What the experts say
Nigel Hetherington reviews the latest research material relating to coaching, exercise physiology and athletic development.
Though classically thought of as referring to aerobic fitness, even in sport 'endurance' can be suffixed to many other words, for example: 'speed', 'strength', 'psychological' (mental) all of which may play a role both in a sustained, largely aerobic, activity such as marathon running, cross-country skiing, 90 minutes of football etc. or else provide an important endurance component to some much shorter time-framed activity such as speed endurance for 200m running, the strength endurance for a series of continuous rugby encounters or the mental endurance for 100 shots at a target in archery. Even 'simple' aerobic fitness is affected by a multitude of factors including lung function, heart stroke volume, blood oxygen carrying capacity, muscle function and energy stores, hydration and so on. Furthermore, from a long-term goal-setting perspective, the endurance of both coach and athlete will be severely tested many times as the years go by. It may be important therefore to be aware of 'endurance' in these various forms. This month's review covers an array of reports based on many of these factors.
Recent literature highlights the fact that master athletes (both men and women) are definitely enduring! A study shows that for all 415,000 competitors in the New York City Marathon, over the period 1983-1999, that master athletes endured the best and actually showed improved running times even relative to their younger counterparts. Since the belief is that physical activity may slow the aging process this may mean that masters are now getting younger!!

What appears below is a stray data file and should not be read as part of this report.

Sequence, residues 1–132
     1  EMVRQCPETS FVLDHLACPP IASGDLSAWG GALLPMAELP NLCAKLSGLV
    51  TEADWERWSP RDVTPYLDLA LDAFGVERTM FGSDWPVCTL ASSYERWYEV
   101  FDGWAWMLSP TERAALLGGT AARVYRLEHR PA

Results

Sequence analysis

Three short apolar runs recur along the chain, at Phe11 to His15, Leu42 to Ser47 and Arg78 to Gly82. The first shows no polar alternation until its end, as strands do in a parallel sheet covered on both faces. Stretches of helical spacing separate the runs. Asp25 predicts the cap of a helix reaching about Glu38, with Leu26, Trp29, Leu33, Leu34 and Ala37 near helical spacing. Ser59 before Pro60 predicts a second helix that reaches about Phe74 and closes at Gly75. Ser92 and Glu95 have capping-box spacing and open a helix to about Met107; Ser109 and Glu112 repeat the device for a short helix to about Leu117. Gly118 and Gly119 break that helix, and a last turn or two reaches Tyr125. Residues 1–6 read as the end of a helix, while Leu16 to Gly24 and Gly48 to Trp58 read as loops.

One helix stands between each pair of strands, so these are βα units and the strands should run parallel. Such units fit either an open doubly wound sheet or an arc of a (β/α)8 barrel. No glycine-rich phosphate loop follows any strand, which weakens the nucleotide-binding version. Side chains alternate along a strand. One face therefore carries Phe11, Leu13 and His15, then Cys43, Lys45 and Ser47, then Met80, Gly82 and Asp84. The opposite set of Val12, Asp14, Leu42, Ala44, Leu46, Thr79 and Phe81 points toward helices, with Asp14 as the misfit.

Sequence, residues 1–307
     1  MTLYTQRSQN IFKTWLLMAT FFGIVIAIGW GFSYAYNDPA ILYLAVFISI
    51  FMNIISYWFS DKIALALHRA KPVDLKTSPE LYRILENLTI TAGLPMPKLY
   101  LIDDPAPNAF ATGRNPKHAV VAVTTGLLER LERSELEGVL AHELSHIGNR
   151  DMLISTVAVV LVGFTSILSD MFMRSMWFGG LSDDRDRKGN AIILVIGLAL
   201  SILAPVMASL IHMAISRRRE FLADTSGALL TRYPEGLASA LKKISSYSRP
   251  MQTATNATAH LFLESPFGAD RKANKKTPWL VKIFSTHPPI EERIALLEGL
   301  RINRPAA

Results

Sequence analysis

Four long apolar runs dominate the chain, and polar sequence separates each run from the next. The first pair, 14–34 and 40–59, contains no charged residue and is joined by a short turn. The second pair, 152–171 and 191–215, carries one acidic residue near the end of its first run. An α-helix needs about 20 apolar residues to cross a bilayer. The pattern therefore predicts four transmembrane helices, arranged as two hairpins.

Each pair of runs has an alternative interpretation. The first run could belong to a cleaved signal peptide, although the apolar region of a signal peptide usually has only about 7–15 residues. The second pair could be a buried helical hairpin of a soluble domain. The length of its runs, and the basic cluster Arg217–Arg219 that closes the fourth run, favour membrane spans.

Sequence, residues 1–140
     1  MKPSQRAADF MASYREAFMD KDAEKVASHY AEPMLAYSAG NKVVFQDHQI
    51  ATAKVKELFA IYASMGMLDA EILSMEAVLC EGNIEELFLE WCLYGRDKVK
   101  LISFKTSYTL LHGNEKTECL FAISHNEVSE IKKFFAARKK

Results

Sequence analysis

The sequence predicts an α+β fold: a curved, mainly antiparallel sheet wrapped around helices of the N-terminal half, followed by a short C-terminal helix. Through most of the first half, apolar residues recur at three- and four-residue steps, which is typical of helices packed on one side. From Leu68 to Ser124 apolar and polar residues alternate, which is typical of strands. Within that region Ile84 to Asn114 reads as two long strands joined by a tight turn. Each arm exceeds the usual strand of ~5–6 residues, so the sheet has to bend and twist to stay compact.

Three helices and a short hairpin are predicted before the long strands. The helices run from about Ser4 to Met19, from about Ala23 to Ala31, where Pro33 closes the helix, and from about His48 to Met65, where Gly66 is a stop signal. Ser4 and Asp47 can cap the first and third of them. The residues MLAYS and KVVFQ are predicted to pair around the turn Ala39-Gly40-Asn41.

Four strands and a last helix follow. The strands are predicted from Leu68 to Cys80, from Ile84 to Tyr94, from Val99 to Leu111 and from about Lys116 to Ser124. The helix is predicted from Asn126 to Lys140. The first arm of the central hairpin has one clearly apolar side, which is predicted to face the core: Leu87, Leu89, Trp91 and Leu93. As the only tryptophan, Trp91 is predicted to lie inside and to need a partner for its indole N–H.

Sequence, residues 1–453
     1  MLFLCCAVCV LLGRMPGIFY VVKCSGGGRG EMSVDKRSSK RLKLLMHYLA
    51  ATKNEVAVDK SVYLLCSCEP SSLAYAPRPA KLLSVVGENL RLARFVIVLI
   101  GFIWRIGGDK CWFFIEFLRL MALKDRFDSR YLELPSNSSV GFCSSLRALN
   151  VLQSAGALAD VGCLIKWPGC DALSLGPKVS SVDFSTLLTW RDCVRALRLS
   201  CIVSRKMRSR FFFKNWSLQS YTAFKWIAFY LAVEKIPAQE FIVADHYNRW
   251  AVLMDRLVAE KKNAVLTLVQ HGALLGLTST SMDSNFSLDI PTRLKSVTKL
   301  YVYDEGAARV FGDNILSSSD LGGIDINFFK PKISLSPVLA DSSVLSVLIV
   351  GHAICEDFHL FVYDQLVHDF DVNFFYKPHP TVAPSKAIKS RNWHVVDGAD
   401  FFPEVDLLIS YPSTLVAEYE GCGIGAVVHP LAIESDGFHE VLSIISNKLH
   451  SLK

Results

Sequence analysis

At the other end of the scale a study based on adolescent Kenyan males found, quite convincingly, that although a scientifically selected group of boys from a 'village' environment were initially 'fitter' (VO2 max) and faster (5k time trial) than an equally carefully selected group of 'town' boys, from near by and living at the same altitude, there was no statistically significant difference in their overall trainability over a 12 week period. The village boys started ahead and finished ahead. The report concludes that the initially higher VO2 max figure was the primary reason for the margin. Village boys improved 56.0 to 59.1 while town boys increased 50.3 to 55.6 (all ml kg-1 min-1). No reason for the initially higher values in the village boys was given though presumably lifestyle may have played a major part rather than a specific genetic factor. It would be very revealing for this study to be continued to establish if the town boys could ultimately match the village boys though continued training.
Another important factor in endurance is the energy cost. A paper identified that in comparing highly, well and non-trained runners that the overall energy cost of running was the same in all three classes (as measured using pulmonary gas exchange). Highly and well-trained athletes are simply better conditioned and will be able to harvest and utilize more oxygen. However, internal mechanical and potential energy measurements did reveal a reduction for highly trained athletes with the suggestion that this related to impact loads i.e. foot-plant biomechanics.